There was a lot of talk on the panel about whether Jews are outsiders or insiders, how Jewish literature has changed over time, and, as would be expected, we didn't come to a consensus. I myself am suspicious of measuring Jewish writing and Jewish writers by the Jewish content of their novels. My first novel, Swimming Across the Hudson, was very directly a novel about Jewish identity.  Matrimony, though it has some material about Jewish identity, is less directly about that subject. But is it a less Jewish novel? I don’t think it is.  It’s just a different kind of Jewish novel.  And could it have been written by a non-Jewish writer?  It could have, I suppose, but that non-Jew would have had to know some Hebrew, not to mention have some knowledge of halacha, since these things come into play in the book.  Every character, every novel is different, and the fiction writer must take what comes to him and run with it; above all, he must be true to his characters. That, to my mind, is the fiction writer's principal task.

Comments

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There is no such word in the English language as "decisor" yet this word is used all the time in Jewish publications. Look it up in Merriam Webster Unabridged...No Such Word.

"Decisor" is a made up word for posek. Just because it isn't (currently) in the dictionary only means that you can't use it in Scrabble. Go find something else to complain about.

There is actually a French word "decideur", but it is almost exclusively used in a political sense.

The definitive dictionary is the multivolume (and online) Oxford Dictionary. New words are added all the time (they are called neologisms). Maybe "decisor" is already there, or will be.

I really liked "Swimming Across the Hudson" when I read it 10 years ago. I see how the father in that book is based on Henkin's description of his own father in this post. I recommended it to my girlfriend-at the time though, and she pretty much detested "Swimming". No wonder she wasn't my bashert! I also spent time between NY and SF at the time, the cities where the book's plot takes place, and recall questioning so many aspects of my Jewish identity, like the characters, so I suppose that is why the book resonated for me at the time. I am glad to see Henkin has a new book, and I hope it is good and succeeds.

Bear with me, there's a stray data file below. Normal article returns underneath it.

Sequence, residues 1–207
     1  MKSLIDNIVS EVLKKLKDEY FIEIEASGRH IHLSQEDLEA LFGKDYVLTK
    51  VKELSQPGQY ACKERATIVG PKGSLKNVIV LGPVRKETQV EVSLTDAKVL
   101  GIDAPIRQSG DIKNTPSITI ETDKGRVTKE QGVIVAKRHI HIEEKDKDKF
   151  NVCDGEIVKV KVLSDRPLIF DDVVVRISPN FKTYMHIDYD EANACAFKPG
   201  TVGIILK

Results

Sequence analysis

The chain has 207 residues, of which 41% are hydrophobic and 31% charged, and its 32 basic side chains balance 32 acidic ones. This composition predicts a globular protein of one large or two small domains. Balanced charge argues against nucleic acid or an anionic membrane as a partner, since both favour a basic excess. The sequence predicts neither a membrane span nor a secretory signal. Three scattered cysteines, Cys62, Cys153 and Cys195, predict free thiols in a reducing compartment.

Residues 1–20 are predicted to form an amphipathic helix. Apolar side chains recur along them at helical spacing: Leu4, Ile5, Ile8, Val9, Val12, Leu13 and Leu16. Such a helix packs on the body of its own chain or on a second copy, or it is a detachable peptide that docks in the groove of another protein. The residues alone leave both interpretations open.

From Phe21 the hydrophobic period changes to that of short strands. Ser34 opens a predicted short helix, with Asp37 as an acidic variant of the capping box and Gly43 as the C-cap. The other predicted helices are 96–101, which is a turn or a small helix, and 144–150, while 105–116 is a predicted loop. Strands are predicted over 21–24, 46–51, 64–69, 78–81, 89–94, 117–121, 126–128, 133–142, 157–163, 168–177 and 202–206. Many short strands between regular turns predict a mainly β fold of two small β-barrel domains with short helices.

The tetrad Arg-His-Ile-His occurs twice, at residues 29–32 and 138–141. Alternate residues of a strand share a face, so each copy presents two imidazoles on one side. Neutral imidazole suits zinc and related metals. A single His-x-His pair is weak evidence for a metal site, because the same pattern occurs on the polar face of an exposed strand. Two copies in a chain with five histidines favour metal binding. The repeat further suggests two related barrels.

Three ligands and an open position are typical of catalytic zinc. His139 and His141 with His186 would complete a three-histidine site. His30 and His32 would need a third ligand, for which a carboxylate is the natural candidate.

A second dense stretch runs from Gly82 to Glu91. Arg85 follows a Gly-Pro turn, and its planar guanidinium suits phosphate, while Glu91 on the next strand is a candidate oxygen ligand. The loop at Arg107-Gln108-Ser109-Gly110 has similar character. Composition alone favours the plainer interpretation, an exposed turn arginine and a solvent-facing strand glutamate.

As for "decisor", it would have been interesting if Bush said "I am the posek"

very interesting. I had no idea Eliyashev's son was OTD, but am not surprised at all. Of course, I'd like to hear more about that. Does Elyashev acknowledge his son/grandson?

Was a comment deleted? I don't see anything about "Elyashev" or "his son" above the unattributed comment of 1:23 pm.

Knowing the Henkins since childhood (David & I were at Ramaz together, and Josh and I overlapped living in Park Slope for some years), it was clear that elements of the family situation and background, in the first novel "Swimming across the Hudson," were based on Henkin's own family background (no gay siblings, twins or adoption, though, AFAIK). I suppose that's common enough thing in first novels - write what you know, your family is your default idea of What A Family Is.

Nothing deleted. I think the comment you're referring to simply confused Rabbi Henkin and Rabbi Elyashiv.

Hey Thanbo,

I was also living in the Slope at the time I read the book, I wasn't aware that the author was living in the 'hood. I remember you well from Bnai Jacob by the way, are you still in Midwood and the Yavneh Minyan?

retarded!!!!!!!!

He may still be living there - they were friends with the Tolchins, Dr. Henkin having gone to camp with them.

Who are you? You can find my email address easily enough - go to my blog (thanbook).

Yes, still in Midwood. It's nice living in a Jewish neighborhood, being in a shul where I agree with the rabbi about a larger percentage of things, having more than 700 sq ft in my apartment.